Tuesday, June 26, 2007

The Celebrated Cases of Dick Tracy -- Chester Gould

When I was a kid (funny how many of my posts start out that way), one of the features on the front page of the comics section in the Sunday newspaper was DICK TRACY. So I grew up reading this comic strip about the square-jawed police detective. Unfortunately, that was during an era in which the strip’s creator, author, and artist Chester Gould had taken it in some weird directions, getting away from the hardboiled police action and bringing in more and more science-fictional elements, such as hidden civilizations on the Moon. I read DICK TRACY anyway and enjoyed it, although it was never one of my favorites.

THE CELEBRATED CASES OF DICK TRACY, an oversized volume containing more than a dozen storylines ranging from Tracy’s first case in 1931 to episodes from the late Forties, is an excellent introduction to this classic strip, featuring numerous examples of the things that made DICK TRACY a success: hardboiled, even brutal, action with fistfights, elaborate death traps, and shoot-outs in which characters, both good and bad, actually died; grotesque villains with colorful names like Flattop, Mumbles, and the Brow; and at least an attempt to be realistic when it comes to police work, making TRACY an early example of the police procedural.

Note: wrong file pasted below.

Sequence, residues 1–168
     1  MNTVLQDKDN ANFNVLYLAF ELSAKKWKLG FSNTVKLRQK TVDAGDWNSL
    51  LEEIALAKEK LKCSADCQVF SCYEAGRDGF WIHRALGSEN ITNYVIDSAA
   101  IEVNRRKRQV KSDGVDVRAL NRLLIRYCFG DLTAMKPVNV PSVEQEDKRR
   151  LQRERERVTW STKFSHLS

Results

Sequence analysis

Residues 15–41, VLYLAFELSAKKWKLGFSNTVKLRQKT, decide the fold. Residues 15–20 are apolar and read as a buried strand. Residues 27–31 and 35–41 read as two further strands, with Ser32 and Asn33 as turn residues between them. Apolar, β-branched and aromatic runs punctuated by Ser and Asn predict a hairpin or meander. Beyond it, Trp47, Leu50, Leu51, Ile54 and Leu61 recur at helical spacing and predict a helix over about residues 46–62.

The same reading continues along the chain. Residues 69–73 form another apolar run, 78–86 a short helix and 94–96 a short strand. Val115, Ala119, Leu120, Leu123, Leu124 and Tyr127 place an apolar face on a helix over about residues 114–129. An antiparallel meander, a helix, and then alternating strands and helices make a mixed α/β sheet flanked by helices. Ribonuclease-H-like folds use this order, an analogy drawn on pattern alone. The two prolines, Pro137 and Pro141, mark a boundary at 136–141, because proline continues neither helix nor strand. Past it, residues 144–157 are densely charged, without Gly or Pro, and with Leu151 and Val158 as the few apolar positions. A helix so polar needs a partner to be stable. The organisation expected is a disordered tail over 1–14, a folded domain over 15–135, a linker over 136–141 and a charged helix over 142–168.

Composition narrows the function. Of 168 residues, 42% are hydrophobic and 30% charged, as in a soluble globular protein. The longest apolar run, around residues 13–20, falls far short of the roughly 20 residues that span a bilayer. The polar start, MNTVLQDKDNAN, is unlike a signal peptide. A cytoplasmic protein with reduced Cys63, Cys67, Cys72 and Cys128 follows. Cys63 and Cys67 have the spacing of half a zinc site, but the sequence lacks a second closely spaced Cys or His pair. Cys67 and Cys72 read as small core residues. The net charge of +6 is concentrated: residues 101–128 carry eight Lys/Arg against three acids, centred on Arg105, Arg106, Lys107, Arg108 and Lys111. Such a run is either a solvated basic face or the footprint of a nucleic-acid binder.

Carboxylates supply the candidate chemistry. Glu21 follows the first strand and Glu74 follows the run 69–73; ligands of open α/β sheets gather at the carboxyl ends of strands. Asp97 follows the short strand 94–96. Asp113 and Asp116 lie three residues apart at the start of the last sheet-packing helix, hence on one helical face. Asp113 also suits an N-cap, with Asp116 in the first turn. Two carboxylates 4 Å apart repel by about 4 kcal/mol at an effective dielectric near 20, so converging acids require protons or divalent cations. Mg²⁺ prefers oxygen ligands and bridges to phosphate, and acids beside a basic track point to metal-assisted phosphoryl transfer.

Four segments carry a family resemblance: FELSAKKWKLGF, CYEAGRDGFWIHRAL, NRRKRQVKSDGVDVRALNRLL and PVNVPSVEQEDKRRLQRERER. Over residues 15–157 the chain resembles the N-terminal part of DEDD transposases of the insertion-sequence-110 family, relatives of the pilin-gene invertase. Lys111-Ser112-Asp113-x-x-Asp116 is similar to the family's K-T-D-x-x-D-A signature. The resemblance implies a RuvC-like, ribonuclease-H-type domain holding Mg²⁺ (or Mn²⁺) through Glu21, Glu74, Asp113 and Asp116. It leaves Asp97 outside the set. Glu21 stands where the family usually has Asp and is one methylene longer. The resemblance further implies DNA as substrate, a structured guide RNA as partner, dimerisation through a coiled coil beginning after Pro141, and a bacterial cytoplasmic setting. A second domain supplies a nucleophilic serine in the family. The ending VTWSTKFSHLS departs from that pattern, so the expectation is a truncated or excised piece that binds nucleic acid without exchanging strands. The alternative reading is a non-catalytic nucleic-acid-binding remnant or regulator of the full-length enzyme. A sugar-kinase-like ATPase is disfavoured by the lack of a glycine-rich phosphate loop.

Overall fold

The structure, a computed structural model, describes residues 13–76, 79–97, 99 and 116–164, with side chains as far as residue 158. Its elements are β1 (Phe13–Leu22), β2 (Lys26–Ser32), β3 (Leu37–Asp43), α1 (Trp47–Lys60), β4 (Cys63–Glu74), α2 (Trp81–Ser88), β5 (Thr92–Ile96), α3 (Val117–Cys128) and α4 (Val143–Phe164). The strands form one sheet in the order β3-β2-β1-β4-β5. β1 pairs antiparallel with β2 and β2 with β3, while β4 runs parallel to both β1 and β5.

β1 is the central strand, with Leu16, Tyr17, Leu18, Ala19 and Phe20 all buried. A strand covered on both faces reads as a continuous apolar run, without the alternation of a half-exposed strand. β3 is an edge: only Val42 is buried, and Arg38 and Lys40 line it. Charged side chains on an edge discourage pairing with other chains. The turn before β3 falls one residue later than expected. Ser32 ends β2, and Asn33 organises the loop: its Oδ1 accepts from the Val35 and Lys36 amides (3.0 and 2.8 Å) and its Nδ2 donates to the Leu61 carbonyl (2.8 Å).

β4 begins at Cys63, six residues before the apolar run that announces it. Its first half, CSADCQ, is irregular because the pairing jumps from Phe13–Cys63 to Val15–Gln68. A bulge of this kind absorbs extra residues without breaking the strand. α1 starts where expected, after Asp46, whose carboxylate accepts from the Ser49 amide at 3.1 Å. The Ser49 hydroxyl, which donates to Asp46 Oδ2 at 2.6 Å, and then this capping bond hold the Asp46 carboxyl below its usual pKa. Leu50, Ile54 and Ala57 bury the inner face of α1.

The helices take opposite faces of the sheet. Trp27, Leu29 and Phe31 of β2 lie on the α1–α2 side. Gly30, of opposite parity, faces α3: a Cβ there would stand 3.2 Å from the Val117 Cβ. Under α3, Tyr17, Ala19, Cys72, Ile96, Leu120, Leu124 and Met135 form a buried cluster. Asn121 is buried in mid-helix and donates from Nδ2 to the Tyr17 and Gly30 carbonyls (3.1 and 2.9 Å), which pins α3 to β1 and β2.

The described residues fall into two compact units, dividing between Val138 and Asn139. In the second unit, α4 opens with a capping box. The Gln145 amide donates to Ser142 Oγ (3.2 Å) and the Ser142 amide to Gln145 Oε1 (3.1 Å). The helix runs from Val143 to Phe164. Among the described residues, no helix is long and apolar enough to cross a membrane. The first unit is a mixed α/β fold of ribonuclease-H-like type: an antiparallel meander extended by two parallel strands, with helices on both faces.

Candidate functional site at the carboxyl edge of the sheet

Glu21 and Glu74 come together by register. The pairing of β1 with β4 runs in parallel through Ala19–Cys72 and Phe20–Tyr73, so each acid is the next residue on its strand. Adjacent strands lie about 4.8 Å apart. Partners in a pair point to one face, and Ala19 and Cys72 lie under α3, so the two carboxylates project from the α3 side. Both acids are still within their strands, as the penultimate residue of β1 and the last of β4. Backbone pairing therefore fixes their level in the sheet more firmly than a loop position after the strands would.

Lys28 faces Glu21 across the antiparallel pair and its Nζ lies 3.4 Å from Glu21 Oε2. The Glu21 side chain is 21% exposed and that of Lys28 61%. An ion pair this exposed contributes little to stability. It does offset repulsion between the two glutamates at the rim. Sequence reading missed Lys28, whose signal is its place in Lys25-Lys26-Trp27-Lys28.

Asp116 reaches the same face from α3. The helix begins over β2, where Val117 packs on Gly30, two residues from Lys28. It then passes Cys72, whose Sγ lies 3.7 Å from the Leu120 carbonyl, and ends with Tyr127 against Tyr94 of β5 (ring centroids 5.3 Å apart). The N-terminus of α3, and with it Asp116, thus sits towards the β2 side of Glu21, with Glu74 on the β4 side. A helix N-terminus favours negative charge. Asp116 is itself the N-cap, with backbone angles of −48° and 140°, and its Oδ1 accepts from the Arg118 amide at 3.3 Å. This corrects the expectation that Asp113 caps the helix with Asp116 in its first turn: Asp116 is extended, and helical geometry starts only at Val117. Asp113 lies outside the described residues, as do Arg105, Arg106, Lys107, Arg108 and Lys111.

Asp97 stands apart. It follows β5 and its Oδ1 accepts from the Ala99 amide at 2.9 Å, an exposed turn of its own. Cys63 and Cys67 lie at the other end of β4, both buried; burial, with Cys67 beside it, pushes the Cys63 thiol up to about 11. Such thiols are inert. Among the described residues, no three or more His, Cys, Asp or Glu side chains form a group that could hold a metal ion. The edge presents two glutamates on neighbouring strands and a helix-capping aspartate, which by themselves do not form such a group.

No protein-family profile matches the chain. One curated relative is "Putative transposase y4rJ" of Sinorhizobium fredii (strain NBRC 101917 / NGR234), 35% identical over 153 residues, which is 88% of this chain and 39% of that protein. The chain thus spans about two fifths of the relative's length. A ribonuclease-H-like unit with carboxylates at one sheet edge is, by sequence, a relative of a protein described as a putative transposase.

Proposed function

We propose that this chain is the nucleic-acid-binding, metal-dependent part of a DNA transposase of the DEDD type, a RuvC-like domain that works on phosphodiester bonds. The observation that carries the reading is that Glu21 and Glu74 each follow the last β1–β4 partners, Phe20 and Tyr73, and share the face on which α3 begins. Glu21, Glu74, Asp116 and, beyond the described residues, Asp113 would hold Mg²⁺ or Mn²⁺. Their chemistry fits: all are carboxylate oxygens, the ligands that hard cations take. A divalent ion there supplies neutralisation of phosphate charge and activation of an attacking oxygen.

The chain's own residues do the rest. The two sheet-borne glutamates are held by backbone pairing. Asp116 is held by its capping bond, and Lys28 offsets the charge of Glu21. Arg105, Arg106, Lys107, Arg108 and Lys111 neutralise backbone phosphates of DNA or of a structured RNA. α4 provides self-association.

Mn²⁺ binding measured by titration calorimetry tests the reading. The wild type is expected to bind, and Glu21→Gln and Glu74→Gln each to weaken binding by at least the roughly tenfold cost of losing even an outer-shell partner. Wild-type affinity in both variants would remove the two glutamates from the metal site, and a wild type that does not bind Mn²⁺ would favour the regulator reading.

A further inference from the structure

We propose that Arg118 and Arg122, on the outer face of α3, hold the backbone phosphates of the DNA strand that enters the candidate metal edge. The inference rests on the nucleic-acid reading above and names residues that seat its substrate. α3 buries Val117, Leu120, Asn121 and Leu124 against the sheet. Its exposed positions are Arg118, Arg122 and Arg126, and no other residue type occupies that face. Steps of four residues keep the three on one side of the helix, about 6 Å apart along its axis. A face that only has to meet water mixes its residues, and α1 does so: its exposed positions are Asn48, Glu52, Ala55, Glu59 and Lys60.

Chester Gould’s plotting, writing, and willingness to pull no punches in his stories are what made this strip work. The artwork starts off pretty crude, and while it improves some with time, it never comes close to the level of, say, Milton Caniff, Alex Raymond, or Hal Foster. But by the Forties it’s good enough not to detract from Gould’s fast-moving storylines. My main complaint about this volume is that it reprints only the daily strips, leaving out the Sunday pages that were part of the continuity. As a result, there are some jarring gaps in the action where the reader has to figure out what happened on Sunday from the context of Monday’s strip. This isn’t a huge problem, but it can be annoying.

Overall, I enjoyed this book quite a bit. I have another Dick Tracy collection, THE THIRTIES: TOMMYGUNS AND HARD TIMES, which reprints practically the entire first two years of the strip, and I’m looking forward to reading it, too.

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